Research has shown that nearly 80% of all aircraft accidents in history have had an element of human error, which means it isn’t stick-and-rudder skills that are killing people – bad pilot decision-making is killing people.

My 2 Cents (December 2013)

Randy Mains

Six years after his historic flight, Orville Wright lost a friend in an aircraft accident.  He lamented, “What is needed is better judgment, rather than better skill.” 

    It’s been proven, whether flying single pilot or multi-crew, that faulty decision-making has caused far more aviation accidents than poor flying ability. 

    An element of crew resource management (CRM) examines nine hazardous attitudes and behaviors that can impede good judgement and decision-making. By identifying these behaviors and applying the anecdote to counteract them, you can break a vital link in the error chain and avoid having an incident or accident.

It appears the Australians put a higher value on patient safety than our FAA, NTSB and even Congress.  That’s a pretty strong statement, isn’t it?  Let me tell you how I arrived at that conclusion.

When my article “The Power of CRM” appeared in the August 2013 issue of Rotorcraft Pro my wife, Kaye, and I were in Australia, flown there by the Aeromedical Society of Australasia so that I could deliver two keynote speeches at their 25th scientific meeting of HEMS operators. 

My first keynote address was entitled “US Aeromedical Accidents – What can Australasian HEMS learn from our Mistakes?”  On the second day I delivered a keynote address entitled “CRM in Aeromedical Operations - Why CRM/AMRM (Air Medical Resource Management) is Absolutely Vital to HEMS Safety.” 

Randy Mains:  My Two Cents Worth


The following is the beginning of my latest book, The Reluctant Activist.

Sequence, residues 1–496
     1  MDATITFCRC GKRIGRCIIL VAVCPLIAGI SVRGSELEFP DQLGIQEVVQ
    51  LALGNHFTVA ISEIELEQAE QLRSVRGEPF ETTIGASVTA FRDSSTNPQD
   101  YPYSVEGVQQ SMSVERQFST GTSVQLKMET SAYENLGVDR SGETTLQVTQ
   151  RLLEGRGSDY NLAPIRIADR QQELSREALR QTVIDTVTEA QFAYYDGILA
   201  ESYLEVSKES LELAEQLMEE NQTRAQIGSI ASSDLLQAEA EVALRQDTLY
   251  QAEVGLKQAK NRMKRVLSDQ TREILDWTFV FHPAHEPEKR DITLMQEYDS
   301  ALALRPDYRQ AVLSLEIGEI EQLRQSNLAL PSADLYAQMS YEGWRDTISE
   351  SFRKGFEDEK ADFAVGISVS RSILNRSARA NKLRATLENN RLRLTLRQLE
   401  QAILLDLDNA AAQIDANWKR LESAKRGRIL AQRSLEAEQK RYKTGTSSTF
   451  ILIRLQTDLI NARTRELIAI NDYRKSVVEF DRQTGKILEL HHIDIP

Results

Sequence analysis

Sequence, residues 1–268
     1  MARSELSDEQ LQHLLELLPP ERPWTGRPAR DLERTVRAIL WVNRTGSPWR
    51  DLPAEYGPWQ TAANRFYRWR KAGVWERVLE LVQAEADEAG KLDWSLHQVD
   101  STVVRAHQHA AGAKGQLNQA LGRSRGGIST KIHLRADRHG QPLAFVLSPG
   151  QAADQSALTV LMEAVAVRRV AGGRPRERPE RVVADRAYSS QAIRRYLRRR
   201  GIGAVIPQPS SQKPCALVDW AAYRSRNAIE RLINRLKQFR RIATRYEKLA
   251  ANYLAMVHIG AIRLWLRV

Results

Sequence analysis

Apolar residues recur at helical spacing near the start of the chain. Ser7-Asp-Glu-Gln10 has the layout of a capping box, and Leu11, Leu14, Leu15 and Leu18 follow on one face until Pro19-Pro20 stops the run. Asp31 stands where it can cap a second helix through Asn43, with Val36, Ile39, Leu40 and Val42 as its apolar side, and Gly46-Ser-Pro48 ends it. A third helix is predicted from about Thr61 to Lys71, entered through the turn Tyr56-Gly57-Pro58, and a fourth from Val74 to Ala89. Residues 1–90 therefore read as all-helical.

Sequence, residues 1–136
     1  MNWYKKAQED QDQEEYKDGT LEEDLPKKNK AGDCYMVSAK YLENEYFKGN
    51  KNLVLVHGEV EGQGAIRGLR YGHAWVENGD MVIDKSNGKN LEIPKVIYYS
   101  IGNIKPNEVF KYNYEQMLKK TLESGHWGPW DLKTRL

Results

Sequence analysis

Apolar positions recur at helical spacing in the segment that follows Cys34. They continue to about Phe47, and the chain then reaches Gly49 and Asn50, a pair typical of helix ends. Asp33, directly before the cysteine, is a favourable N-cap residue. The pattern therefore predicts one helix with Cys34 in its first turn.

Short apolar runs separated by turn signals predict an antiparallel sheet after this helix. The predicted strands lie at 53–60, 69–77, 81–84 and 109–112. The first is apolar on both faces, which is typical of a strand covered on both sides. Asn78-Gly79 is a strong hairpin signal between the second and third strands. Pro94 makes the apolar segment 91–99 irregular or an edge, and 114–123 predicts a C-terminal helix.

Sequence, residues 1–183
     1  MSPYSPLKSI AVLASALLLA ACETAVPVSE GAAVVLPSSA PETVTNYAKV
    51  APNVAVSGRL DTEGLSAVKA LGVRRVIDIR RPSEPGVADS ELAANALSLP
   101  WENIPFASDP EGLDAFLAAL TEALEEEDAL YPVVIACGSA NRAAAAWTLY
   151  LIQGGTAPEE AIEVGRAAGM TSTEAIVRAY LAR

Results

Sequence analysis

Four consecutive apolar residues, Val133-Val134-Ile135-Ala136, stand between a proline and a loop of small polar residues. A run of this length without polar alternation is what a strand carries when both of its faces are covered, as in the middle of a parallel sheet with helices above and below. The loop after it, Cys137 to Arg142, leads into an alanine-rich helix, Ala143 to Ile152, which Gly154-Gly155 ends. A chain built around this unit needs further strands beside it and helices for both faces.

I stood next to the helicopter’s tail plane, looking up in disbelief at the massive damage I’d done.  The accident was entirely my fault.  I knew I shouldn’t have been anywhere near a cockpit this morning.  My mind wasn’t focused on flight training, but I decided to fly anyway.  It was a stupid mistake.  The reality of knowing how badly I’d screwed up sickened me. As well as losing my wife to another man recently, it seemed likely I could now lose my job.  This was not turning out to be one of my better mornings.

My 2 Cents Worth - Breaking the Error Chain

By Randy Mains

“This is stupid!”

What wonderful words to break the error chain.  I’ve certainly said it when I’ve been flying.  Like in bad weather when scud running, or doing anything in the air where I figured I probably shouldn’t be there.  “This is stupid,” can potentially be one of those simple, but brilliant, ideas designed to let you, the pilot, know it’s time to call it quits, go home, and thus prevent really scaring yourself and possibly having an accident.

CRM – The Last Line of Defense!

by Randy Mains

Imagine you’re an aviation doctor and you hold the cure to save lives in a deadly segment of helicopter aviation.  One day you learn that the FAA has finally mandated that all Part 135 operators must be administered this cure, or they cannot fly.  You gladly offer the cure, knowing it can save lives.  However, you soon discover that the parent (the helicopter company) of the patient (the flight crew) doesn’t want to give the full dose because of the added time and expense it takes to administer it.  So the helicopter company waters down the dose to near microscopic proportions, which satisfies the letter of the law, while successfully avoiding the spirit of the law.  But in their effort to save time and money, they render the cure totally useless.  It is my opinion that’s what’s happening in many HEMS programs.